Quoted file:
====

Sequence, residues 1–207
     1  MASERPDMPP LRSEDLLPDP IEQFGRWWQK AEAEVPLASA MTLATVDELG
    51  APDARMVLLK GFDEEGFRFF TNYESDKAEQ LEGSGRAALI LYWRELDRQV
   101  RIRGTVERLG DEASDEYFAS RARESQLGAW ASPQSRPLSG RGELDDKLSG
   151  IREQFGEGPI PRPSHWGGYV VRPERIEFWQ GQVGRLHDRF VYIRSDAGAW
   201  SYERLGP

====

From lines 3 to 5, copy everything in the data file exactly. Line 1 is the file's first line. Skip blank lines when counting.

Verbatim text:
    51  APDARMVLLK GFDEEGFRFF TNYESDKAEQ LEGSGRAALI LYWRELDRQV
   101  RIRGTVERLG DEASDEYFAS RARESQLGAW ASPQSRPLSG RGELDDKLSG
   151  IREQFGEGPI PRPSHWGGYV VRPERIEFWQ GQVGRLHDRF VYIRSDAGAW